John Ritenbaugh reiterates that while Godly righteousness is open ended, allowing room for growth, human righteousness is self-limiting because of its self-centered mindset, smugly satisfied with its accomplishments. The attainment of Godly righteousness demands humility, a readiness to admit shortcomings, a yieldedness to correction, and a willingness to be refashioned. Before one can become a good example to others (serving as an improver), he must develop the humble attitude of being willing to be shaped by God's Holy Spirit, realizing shortcomings, and continually hungering and thirsting for righteousness. Achieving perfection through human devices (trusting human sensory equipment and reason for deciding standards rather than relying upon God) will severely limit spiritual growth.
John Ritenbaugh, pointing out the Apostle Paul's contention that any righteousness or morality attained by our own law keeping falls short of the righteousness required for salvation, asserts that only the righteousness of Christ attained through faith will pass muster. Unlike man's limiting, myopic, self-centered righteousness, excluding others from their circle, the righteousness of Christ (emanating from Christ's knowledge) focuses on selfless outgoing service to others, leading to exponential spiritual growth with limitless possibilities. Like Christ, we must willing to yield and trust in God's ability to create and shape us, willing to be corrected and changed as He sees fit. If we become self-satisfied with our spiritual progress, God cannot work with us. Working out our salvation is to make faith practical by experience, yielding continually to God's prompts through His Holy Spirit.
John Ritenbaugh reiterates that working out our salvation does not mean working for salvation, but instead making what we believe operational. God, through His Spirit gives us the power both to will and to do. Paul admonishes the Philippians that nothing blemishes or disfigures their witness more than complaining, because like the ancient Israelites, they (and we) are actually calling God into account. Like Paul, we must consider our daily life a living sacrifice to perform whatever God demands of us. God desires that His witness extend from the written word to actual personalities performing and demonstrating His will — examples of living God's word. Without a living personality, the words just don't have the same effect. Paul, by establishing Epaproditus's credentials, punctuates or amplifies the intent of his written message.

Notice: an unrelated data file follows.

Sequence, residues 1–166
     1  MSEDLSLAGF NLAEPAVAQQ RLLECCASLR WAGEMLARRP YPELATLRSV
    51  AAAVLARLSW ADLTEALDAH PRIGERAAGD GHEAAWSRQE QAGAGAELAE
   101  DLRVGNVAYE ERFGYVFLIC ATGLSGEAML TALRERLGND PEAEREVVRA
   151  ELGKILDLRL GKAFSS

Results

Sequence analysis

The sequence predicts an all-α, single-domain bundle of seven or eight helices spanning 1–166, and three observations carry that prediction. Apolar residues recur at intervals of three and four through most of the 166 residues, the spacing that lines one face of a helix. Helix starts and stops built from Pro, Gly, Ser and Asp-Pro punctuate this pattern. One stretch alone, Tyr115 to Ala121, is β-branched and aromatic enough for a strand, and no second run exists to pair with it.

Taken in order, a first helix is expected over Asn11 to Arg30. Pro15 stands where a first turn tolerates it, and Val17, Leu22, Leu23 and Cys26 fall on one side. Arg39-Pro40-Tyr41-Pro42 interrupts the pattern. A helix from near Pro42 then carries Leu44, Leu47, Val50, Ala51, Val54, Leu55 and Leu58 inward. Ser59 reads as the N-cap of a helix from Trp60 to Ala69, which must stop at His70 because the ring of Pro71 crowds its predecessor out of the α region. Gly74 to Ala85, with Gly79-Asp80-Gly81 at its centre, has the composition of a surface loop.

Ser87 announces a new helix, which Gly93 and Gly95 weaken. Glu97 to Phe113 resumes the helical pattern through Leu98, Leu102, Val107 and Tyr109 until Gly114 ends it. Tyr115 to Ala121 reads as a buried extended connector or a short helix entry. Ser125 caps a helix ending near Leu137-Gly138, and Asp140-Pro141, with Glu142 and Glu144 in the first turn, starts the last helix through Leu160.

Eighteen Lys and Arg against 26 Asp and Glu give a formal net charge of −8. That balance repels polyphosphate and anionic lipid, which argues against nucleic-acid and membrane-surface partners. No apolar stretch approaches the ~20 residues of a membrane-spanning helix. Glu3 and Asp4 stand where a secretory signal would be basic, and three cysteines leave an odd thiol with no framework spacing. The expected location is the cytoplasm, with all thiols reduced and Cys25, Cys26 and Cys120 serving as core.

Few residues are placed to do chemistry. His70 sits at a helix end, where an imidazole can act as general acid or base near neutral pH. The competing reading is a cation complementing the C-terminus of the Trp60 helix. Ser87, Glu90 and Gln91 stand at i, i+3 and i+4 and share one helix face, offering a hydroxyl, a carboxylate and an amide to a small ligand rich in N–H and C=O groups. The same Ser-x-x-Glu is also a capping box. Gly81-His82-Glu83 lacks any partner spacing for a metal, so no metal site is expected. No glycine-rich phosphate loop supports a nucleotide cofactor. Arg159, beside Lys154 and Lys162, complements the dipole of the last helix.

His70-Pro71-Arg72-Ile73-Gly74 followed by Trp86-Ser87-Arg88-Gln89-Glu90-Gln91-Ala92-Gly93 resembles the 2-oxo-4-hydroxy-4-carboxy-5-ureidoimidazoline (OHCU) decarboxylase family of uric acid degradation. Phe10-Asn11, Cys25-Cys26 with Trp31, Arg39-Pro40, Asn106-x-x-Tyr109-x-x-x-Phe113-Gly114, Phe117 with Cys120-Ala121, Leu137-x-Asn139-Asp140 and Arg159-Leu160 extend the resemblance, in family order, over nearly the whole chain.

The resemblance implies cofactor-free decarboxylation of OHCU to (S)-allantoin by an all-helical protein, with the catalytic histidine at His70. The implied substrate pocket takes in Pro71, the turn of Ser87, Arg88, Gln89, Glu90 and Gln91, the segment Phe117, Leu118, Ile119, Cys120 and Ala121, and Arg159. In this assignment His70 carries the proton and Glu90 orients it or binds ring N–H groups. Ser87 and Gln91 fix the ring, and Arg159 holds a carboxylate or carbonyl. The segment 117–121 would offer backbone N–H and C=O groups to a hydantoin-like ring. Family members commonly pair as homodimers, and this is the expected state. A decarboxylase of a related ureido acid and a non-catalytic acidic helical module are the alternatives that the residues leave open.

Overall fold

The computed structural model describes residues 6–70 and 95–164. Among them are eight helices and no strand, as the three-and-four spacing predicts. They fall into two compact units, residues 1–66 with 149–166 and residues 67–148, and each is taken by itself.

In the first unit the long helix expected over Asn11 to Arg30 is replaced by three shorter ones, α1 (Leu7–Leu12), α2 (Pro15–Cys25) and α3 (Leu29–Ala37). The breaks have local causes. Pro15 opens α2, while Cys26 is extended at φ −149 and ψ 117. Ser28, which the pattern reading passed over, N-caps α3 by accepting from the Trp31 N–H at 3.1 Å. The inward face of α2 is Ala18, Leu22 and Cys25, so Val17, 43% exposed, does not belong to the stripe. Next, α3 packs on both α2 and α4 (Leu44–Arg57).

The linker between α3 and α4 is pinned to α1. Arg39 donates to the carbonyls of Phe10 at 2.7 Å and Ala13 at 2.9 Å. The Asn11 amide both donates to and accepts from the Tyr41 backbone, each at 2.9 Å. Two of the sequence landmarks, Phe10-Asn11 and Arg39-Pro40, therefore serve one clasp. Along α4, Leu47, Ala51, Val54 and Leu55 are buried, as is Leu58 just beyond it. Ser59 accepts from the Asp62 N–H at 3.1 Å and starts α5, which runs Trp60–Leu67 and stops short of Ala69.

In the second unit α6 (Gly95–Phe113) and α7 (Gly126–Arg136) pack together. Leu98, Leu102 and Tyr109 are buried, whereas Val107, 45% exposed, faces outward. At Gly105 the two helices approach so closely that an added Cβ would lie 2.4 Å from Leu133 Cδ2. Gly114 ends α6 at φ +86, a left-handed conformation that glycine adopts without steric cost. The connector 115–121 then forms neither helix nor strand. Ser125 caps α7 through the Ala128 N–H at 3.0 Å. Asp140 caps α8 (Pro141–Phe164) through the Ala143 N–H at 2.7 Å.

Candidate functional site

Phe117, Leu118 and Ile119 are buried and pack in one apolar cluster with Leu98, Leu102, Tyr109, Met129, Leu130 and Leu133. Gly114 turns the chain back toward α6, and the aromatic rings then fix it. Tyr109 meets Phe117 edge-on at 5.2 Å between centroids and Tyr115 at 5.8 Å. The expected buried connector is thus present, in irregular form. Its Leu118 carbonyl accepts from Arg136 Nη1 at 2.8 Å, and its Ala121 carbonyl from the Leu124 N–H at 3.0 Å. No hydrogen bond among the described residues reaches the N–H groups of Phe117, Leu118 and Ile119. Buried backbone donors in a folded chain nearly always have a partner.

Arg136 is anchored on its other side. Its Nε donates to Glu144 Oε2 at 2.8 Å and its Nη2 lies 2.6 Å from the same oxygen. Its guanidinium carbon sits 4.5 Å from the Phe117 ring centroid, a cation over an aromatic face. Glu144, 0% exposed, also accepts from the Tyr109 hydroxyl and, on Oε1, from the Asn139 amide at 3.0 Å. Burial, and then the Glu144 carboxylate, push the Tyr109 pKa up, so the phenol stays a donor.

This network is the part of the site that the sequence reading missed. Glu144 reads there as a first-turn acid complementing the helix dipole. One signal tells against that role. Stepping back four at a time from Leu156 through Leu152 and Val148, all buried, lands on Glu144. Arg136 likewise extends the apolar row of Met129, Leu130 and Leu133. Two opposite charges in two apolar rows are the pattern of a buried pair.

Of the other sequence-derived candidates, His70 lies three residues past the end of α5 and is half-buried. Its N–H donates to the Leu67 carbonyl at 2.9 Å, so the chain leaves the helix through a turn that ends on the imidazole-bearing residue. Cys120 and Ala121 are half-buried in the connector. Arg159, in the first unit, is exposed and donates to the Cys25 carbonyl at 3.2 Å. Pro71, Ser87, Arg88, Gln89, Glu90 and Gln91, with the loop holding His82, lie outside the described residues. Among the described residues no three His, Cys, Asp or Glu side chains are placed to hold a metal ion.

John Ritenbaugh observes that ancient Israel had at the core of its religion (as well as its dominant cultural norm) an obsession to serve or please the self at the expense of justice and truth and the best interests of the socially disadvantaged. Because of Israel's excessive self-seeking and self-serving pride, God threatens to remove His protection, allowing its people to go into captivity. Pride (the catalyst for Laodiceanism) causes people to reject God and to follow idolatrous ways. Israel's leaders should 1) never be content with the way things are, 2) never let care and concern for self take priority over the welfare of others, 3) covet peace with God, but only on His terms, 4) choose things that are more excellent, and 5) embrace morality.
John Ritenbaugh, reflecting upon the healing of the man at Bethesda, cautions that when God removes an infirmity or gives a blessing, He also gives a responsibility to follow through, using the blessing to overcome and glorify God in the process. As Jesus healed this man, He continued to reveal His identity as the prophesied Messiah, reflecting God the Father's proclivity to work ceaselessly on behalf of His creation, extending mercy and relieving burdens, traits we must emulate as God's children. Through total submission to the mind, will, and purpose of God the Father, Jesus (being totally at one in body, mind, and spirit) attained the identity and the power of God. Obedience (submitting to God's will) proves our belief and faith. If we compare ourselves to men, we become self-satisfied or prideful and no change will occur in our lives, but if we compare ourselves to God, we feel painfully discontent, and will fervently desire to yield to God's power to change us, transforming us into His image. Understanding the Bible will never take place until we yield unconditionally to its instruction. As metaphorical lamps ignited by God's Spirit, we must be willing to be consumed in His service.